Magazine article Gramophone

Godard: Violin Sonatas-No 1, Op 1

Magazine article Gramophone

Godard: Violin Sonatas-No 1, Op 1

Article excerpt

Godard

Violin Sonatas-No 1, Op 1; No 2, Op 2; No 3, Op 9; No 4, Op 12

Nicolas Dautricourt vn Dana Ciocarlie pf

Aparte (M) (2) AP124 (88' * DDD)

[ILLUSTRATION OMITTED]

Benjamin Godard trained as a violinist before turning to composition. Though he soon expressed a marked preference as a performer for the viola, many of his early works were written for his original instrument, including four sonatas, composed between 1866 and 1872. As a set they are uneven, and modern taste, I suspect, may well overturn the judgement of his contemporaries, who preferred the Fourth to the other three.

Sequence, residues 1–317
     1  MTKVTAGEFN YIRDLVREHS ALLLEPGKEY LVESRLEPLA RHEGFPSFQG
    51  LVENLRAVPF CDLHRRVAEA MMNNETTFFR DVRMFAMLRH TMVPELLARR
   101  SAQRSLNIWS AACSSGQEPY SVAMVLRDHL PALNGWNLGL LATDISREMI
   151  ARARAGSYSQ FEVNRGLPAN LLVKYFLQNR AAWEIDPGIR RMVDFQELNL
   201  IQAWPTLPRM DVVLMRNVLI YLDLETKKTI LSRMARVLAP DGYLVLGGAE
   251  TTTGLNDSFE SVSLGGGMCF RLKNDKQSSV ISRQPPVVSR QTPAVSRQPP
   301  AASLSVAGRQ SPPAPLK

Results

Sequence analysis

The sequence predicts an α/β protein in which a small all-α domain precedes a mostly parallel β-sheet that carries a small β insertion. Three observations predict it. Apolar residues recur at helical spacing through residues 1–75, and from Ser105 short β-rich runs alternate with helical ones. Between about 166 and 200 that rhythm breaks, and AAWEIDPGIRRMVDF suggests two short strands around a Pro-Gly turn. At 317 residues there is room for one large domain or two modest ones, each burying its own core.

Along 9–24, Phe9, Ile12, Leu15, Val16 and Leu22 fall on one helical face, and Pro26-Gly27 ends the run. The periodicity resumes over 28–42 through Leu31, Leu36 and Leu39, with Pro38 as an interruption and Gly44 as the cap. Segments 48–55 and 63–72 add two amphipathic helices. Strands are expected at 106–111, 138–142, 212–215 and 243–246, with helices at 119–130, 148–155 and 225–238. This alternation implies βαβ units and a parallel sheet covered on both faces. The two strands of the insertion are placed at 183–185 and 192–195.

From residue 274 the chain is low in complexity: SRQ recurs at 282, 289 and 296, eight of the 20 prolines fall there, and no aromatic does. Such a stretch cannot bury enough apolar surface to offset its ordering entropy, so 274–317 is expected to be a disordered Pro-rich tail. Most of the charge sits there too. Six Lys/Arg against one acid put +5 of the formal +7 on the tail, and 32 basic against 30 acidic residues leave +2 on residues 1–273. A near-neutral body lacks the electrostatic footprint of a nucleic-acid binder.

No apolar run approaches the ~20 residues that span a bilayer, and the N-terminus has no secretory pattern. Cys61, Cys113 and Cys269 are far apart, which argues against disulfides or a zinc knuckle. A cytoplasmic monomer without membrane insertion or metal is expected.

Hearing them together you inevitably notice stylistic points in common: an operatic approach to slow movements, which sound like bel canto arias without words; a debt to Mendelssohn in scherzos or intermezzos; and an emphasis on expressive passagework rather than double-or triple-stopping at moments of climax or crisis. Yet the differences are also considerable. The first pair were completed contemporaneously in 1867, and the Second, taut yet passionate, with not a note wasted, reveals considerable advances over its companion, where the thematic material can be unremarkable and Godard's fondness for extended passages in octaves becomes a mannerism. …

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